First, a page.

Building Your Content Marketing Strategy

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Before you start off with content marketing, you need to put together your content strategy. Your content strategy depends on various factors: the industry you are in, the audience you are targeting and your strengths (both as a business and as a content creator/manager).

As I wrote in this post on the Search Engine People blog, your content strategy should answer these questions:

  1. What are the objectives of your content marketing program?
  2. Who is your audience?
  3. What kind of topics will you cover?
  4. What forms of content will you use – text, video, pictures, podcasts?
  5. Where will you publish this content – on your website, your blog, on a popular industry blog, your social media pages, industry forums?
  6. How will you create this content?

Of course, you can’t answer any of these in isolation, and your answers to these will change as circumstances change (your industry matures, competition increases, you discover an as-yet untapped audience, or you just learn more and change your decisions based on what you’ve learned). And your answers to each of these questions will depend on the others.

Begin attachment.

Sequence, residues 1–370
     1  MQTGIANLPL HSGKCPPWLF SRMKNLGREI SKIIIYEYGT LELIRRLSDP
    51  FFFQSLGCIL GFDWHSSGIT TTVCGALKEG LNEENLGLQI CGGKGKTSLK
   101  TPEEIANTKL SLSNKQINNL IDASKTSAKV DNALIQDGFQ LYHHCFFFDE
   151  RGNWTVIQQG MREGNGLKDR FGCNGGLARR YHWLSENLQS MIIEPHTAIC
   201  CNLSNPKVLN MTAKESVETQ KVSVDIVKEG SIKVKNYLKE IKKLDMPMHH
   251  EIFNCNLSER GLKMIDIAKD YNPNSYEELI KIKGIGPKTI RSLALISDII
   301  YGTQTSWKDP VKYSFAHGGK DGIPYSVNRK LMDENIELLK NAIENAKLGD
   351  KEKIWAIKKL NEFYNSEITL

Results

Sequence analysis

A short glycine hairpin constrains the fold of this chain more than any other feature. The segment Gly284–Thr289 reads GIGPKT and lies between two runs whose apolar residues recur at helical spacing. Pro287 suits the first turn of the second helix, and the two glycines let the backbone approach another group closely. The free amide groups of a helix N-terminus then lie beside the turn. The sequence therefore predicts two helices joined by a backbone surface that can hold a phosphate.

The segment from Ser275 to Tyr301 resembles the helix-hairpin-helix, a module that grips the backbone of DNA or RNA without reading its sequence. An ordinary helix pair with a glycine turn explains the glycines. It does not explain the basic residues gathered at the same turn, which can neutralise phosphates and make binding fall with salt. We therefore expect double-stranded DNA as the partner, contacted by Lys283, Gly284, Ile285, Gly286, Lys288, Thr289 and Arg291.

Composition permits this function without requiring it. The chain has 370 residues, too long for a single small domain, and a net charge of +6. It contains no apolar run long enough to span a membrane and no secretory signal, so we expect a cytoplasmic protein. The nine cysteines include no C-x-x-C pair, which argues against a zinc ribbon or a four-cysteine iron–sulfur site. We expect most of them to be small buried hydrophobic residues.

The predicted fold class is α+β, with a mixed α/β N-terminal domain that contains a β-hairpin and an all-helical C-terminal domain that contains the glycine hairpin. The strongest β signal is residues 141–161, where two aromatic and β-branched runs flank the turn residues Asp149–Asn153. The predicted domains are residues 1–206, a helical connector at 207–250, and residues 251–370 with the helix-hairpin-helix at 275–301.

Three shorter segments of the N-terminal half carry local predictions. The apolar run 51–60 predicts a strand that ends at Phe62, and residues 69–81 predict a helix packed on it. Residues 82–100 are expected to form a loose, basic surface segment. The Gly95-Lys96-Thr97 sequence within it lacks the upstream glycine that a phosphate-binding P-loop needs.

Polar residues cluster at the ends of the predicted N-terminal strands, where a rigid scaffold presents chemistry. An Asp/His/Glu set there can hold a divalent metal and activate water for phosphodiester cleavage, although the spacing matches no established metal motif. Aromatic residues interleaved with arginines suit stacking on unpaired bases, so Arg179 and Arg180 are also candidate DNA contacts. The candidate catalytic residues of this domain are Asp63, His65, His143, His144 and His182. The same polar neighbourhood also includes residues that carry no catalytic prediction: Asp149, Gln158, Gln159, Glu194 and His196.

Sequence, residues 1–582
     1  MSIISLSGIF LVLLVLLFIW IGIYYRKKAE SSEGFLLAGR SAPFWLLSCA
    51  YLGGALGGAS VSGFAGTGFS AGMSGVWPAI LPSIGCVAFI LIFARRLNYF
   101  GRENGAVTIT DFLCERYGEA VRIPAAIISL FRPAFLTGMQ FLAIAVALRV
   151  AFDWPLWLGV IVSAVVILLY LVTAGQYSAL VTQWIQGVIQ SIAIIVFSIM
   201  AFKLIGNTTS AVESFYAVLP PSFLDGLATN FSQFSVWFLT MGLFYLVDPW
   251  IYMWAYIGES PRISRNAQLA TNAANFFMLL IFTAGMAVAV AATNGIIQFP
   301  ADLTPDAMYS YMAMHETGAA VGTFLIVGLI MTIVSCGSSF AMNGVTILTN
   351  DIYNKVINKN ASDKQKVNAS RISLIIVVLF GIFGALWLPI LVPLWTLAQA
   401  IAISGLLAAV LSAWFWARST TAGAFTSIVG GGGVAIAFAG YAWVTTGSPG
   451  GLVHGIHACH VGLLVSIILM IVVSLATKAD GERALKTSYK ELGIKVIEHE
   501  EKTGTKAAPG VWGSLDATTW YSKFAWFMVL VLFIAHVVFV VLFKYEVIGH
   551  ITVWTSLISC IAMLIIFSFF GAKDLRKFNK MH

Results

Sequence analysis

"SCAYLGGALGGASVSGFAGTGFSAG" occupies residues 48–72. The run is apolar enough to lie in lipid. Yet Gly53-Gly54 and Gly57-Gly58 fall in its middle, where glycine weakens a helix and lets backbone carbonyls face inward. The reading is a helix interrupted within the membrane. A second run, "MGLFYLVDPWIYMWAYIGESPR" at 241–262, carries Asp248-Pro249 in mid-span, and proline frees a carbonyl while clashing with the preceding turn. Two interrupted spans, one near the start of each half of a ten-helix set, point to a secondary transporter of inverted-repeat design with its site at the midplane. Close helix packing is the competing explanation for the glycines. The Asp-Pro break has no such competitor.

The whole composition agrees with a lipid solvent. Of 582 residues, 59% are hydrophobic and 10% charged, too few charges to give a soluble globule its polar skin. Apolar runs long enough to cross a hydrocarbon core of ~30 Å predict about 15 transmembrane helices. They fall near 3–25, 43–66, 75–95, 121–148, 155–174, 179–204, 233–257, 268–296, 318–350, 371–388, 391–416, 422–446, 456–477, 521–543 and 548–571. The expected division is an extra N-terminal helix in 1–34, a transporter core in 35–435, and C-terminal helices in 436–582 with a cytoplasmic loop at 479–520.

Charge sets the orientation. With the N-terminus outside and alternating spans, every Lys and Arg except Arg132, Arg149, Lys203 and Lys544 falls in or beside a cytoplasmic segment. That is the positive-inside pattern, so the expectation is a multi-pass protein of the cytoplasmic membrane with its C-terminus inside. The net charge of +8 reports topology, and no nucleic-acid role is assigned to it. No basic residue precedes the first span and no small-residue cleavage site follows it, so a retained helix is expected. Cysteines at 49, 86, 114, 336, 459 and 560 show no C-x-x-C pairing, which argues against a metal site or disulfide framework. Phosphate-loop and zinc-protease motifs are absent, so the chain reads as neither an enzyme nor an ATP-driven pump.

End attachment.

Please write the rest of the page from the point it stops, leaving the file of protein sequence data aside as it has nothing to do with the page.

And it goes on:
Consider an online toy store for children. If you decide that the target audience of your blog is parents, you might decide that your content will largely consist of suggesting and reviewing fun activities for children, with some parenting tips thrown in. But if you think there are too many such blogs already out there, and you want to target grandparents who want to indulge their children, or aunts and uncles and kind neighbors who want to connect with the children in their lives, the focus of your content will be totally different.

Your audience, your products/services and your objectives are basically the deciding factors in answering all the other questions. The content topics you cover need to appeal to your audience and be related to your products; the forms of content depend on what your audience is mostly likely to absorb. Busy moms might listen to a podcast while they’re cooking dinner; a busy executive might read an ebook on her iPad as she takes the train to work.

In my opinion, the forms of content you create won’t have a lot of impact on the topics you want to cover. You can offer parenting tips, for example, as easily through tweets as through a video interview with a reputed child psychologist; the actual content of your posts might change, but the topics you cover don’t have to.

But who’s going to create all this content, you ask? My answer: you. You are the best person to do this. I’ll explain why in my next post.

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